Indeed, in late January, multiple anti-Semitic Twitter posts about “Zionists”—a term used for Israel by the Jewish state’s enemies—from Iran’s Ayatollah Ali Khamenei could still be found. While one recent post on the Iranian supreme leader’s feed was blocked at the time of writing this article—without an explanation aside from it violating Twitter’s guidelines—Twitter has not shut down the account, even though it says the “fake Zionist regime will perish” and slams the “filthy Zionist agents of the U.S.”—such as the “Jewish member of Trump’s family,” referring to then-White House advisor Jared Kushner, in response to the Israel–United Arab Emirates peace deal.
In January, ADL released a report in which they review the approach to Holocaust denial by 10 major social media entities, including Twitter, Facebook and YouTube, grading the entities ranging from a top score of A to a failing F grade. Just one entity, Twitch, received even a B grade. Twitter and YouTube were among those with C grades, and Facebook/Instagram received a D. The project, which searched for Holocaust denial and then reported it to the platform’s online content review process, found that just two of the entities, Twitter and Twitch, even took action against the Holocaust denial content. Furthermore, none of the entities explained their reasoning for their action aside from saying a post either did or did not violate the platform’s policies. The ADL conclusion, among other things, was that more transparency from the social media platforms was needed.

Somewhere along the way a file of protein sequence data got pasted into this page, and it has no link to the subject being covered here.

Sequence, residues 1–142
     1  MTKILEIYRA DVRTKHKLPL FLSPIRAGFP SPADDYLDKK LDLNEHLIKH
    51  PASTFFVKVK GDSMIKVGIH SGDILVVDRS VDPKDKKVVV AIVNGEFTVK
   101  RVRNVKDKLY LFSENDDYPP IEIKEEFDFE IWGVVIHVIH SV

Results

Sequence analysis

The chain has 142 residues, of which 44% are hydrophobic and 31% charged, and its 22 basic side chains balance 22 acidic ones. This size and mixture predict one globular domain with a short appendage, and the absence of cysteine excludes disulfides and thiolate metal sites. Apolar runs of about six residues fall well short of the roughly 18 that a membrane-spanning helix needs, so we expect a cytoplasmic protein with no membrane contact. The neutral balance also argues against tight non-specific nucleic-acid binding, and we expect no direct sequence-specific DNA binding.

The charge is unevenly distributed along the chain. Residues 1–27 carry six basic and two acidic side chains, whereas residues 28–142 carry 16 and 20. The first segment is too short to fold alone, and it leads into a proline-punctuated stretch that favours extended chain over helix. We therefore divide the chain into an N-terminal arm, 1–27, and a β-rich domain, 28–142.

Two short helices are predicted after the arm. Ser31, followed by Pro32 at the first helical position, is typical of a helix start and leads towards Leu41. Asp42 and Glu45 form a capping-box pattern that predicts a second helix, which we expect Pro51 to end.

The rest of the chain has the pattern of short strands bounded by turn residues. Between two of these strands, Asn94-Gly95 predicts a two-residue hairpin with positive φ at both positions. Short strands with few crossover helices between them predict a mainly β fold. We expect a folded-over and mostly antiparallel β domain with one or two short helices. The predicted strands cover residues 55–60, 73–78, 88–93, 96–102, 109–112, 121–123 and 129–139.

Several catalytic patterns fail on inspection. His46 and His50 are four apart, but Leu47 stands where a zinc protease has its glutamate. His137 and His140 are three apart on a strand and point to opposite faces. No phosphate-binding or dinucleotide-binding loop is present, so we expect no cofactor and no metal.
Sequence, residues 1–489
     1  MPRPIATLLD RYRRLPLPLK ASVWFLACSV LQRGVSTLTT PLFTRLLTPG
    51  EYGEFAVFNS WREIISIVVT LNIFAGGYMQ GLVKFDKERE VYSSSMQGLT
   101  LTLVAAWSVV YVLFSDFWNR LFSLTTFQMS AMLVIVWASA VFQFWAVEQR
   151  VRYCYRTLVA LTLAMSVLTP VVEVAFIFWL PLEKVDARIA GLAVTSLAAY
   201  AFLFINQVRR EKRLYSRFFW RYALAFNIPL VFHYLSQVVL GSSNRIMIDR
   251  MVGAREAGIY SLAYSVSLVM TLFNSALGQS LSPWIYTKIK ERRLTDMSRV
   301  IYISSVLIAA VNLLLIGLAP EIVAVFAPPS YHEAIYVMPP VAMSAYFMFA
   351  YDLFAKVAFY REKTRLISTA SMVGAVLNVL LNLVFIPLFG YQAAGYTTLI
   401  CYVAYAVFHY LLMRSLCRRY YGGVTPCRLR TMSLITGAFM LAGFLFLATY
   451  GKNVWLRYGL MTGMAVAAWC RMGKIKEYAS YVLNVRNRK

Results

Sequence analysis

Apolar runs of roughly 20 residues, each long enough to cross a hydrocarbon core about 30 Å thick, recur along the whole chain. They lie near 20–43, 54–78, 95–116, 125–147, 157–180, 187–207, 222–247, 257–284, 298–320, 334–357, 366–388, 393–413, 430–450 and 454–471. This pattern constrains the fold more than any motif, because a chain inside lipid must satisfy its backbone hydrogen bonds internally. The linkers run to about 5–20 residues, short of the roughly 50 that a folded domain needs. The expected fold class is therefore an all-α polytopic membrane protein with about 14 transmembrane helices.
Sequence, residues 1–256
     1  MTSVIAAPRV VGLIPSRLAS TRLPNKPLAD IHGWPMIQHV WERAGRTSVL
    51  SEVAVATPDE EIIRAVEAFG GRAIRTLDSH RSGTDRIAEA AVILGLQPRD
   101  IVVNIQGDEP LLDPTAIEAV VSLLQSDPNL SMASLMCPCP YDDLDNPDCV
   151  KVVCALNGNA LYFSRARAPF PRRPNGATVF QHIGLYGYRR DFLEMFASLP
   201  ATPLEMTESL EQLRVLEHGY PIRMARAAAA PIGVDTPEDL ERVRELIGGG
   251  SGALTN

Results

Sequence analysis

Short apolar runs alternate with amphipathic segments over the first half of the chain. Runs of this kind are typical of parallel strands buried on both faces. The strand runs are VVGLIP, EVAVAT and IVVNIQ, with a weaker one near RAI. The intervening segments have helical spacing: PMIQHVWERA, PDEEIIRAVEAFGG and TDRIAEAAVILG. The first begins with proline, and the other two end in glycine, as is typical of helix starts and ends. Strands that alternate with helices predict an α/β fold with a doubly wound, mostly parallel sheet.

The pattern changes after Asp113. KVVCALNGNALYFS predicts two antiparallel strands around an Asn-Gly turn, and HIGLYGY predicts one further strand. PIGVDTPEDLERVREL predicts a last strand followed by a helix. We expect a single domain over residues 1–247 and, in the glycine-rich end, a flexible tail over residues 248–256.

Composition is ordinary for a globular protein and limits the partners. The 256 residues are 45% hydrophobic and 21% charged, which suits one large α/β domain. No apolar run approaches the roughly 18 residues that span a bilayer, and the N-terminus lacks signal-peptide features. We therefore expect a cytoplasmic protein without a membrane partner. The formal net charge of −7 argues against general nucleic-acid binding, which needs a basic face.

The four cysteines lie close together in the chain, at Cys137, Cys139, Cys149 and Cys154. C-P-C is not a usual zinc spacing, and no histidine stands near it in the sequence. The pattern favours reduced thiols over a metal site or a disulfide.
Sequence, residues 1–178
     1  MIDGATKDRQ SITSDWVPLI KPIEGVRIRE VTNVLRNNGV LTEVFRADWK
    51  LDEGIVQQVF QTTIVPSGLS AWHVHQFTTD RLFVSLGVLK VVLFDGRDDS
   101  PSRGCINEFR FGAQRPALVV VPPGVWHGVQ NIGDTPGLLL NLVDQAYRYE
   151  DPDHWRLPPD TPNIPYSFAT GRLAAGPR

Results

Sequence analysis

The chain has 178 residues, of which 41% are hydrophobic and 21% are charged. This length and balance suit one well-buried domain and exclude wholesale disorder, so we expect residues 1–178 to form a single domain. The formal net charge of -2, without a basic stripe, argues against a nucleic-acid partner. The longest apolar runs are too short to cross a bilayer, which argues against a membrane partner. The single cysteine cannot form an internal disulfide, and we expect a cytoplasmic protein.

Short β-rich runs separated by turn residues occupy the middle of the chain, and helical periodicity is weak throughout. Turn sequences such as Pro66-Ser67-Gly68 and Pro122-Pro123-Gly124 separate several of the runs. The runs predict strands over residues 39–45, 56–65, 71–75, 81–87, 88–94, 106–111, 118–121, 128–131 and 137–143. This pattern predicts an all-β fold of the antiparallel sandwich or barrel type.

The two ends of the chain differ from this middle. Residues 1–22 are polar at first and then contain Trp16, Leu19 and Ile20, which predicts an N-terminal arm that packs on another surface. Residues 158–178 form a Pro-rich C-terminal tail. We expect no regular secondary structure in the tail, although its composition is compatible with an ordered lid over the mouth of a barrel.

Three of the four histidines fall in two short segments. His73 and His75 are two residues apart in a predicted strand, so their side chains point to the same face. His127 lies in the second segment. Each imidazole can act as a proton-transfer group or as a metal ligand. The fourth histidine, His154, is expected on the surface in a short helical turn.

“The main platforms have definitely improved their efforts to remove hate content, including anti-Semitism, but there is still much work to be done,” Rich said. “A significant amount of anti-Semitism does not meet their threshold for removal, and the processes for removing anti-Semitic content don’t always work as well as they should.”
Israeli Knesset [Parliament] Member Michal Cotler-Wunsh in November 2020 told the Times of Israel that education with social media tags for additional information on problematic posts, rather than censorship, was the answer. In the summer of 2020, Chief UK Rabbi Ephraim Mirvis promoted a two-day boycott of social media in response to Twitter and Instagram failing to address anti-Semitism from a popular music artist, according to the Guardian. Rich said that public pressure such as this “can help move this debate forward,” but he believes that “ultimately only government regulation can bring about the fundamental changes that are necessary.”
The threat is so much more than virtual. The BBC, in its coverage of the 2019 Yom Kippur massacre in Germany, noted that the murderer was radicalized on the internet, posted his anti-Semitic ravings online, and even live-streamed his attack. “Online hate plays a significant, practical role in the glorification, encouragement and organization of terrorism, whether by jihadists or neo-Nazis,” Rich warned. “It has a significant and, at times, deadly real-world impact and should not be downplayed.”